Wild Caving in the Ozarks

Posted April 3rd, 2019


I love this story from a few years ago, when we went “wild caving” in the Ozarks with a bunch of teenagers. ~BB

“Whoa!” laughed Alec as his 6-foot frame sunk up to his knees in cave muck. “This is cool.” Too late to turn back, our crew of cavers had entered the mudroom of Mushroom Cave. So we slogged on, determined to find the end of the passage. Meanwhile, the mud sucked 10-year-old Valerie’s shoe right off, and her aunt had to go digging to find it. 

Cave salamander. (Jason Baird photo)

“Hey, look – a salamander,” cried Brandi, as she pointed her headlight at an orange creature lying in a little puddle on a side bank. “Watch your step,” she admonished us, as we hauled ourselves up out of the mud and onto a natural walkway near the salamander – like hoisting ourselves out of a pool, but with a lot of suction involved on the downside.

“Now it’s time to look up,” said our cave guide as we entered the back room. Bats hung from the ceiling, seemingly oblivious to the intruders into their world.

Wild Caving

Caves come in all shapes and sizes, but only 2 categories – domestic and wild. On this day, we had entered the world of the wild cave, a permit cave in Missouri where rules must be followed and attention to detail must be practiced.

(Jason Baird photo)

Although wild caving is practiced worldwide, cavers often are a secretive lot. Although they will most likely be happy to guide the novice who is interested in caving, they will not announce to the world where the cave is located – like the turkey hunter who does not give away his secret hunting spot, or the trout fisherman who knows of a little hidey hole on a special stream.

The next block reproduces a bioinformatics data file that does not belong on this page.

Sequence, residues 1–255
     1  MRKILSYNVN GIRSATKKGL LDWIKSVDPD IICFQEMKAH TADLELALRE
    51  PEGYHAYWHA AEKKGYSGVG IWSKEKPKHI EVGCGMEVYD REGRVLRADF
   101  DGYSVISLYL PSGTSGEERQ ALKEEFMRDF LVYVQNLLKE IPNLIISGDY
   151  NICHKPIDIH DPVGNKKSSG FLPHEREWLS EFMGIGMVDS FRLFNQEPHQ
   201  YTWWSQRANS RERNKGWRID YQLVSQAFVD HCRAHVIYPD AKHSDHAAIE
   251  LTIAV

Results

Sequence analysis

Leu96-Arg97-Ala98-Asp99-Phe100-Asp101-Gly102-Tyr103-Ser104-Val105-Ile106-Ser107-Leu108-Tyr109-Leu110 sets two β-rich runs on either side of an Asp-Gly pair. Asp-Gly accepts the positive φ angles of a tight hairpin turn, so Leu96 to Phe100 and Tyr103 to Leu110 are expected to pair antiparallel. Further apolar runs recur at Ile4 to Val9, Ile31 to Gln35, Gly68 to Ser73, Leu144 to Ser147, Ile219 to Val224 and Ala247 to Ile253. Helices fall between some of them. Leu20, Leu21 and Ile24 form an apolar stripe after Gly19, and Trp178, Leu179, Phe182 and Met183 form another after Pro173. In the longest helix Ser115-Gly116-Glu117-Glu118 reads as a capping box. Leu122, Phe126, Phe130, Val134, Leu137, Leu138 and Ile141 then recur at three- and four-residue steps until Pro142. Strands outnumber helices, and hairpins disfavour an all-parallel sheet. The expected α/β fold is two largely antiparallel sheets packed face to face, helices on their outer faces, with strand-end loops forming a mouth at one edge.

Cavers usually belong to “grottos” – groups who like to explore caves. Sometimes these grottos will map new caves. Two hundred grottos associate themselves with the National Speleological Society (NSS), which encourages its 12,000 members to conserve and protect caves and also promotes safe caving. 

Caving is not only about recreation, it’s about research, too. Caves are studied for the following reasons – archaeology, ecology, biology, cartography, history, geology, mineralogy and hydrology. Cavers also learn mapping techniques; possibly, some of the only unmapped places left on earth are in caves.

If you find something unusual while caving, leave it where it is and take several photos of it, placing a coin or a finger beside it so that the scale of the item can be measured. Make a note of where it is on the cave map, or draw a map. Take the photos to the park authorities or to a nearby college science or history department. 

According to Missouri geologist/caver Jo Schaper, “ Much of the value of an artifact is destroyed if it is moved. If something is lying in plain sight where it might be removed by a cave vandal, it might be appropriate to hide it somehow (cover it with a rock), but don’t disturb the area if you can help it.”

In order to be effective, caving must be safe. Even a day trip to a local wild cave must be fully planned for, and if permits are required, they must be acquired. Calling ahead to talk to park authorities pays off, or arranging to accompany a grotto to a site will work, too.

Safe cavers take care to dress for the temperatures in caves, which can vary from the high 70s in the Southwest to the low 40s in the North. They also ascertain whether or not the cave will be wet or dry.

Starting with underwear, cavers usually choose the type such as hunters wear – polypro or silk. Socks should be layered, too, with a pair of moisture resistant socks and then, wool or polypro socks. Layers of moisture-repellant clothing, followed by kneepads, sturdy boots or rubber boots and a lighted helmet complete the uniform.

(Jason Baird photo)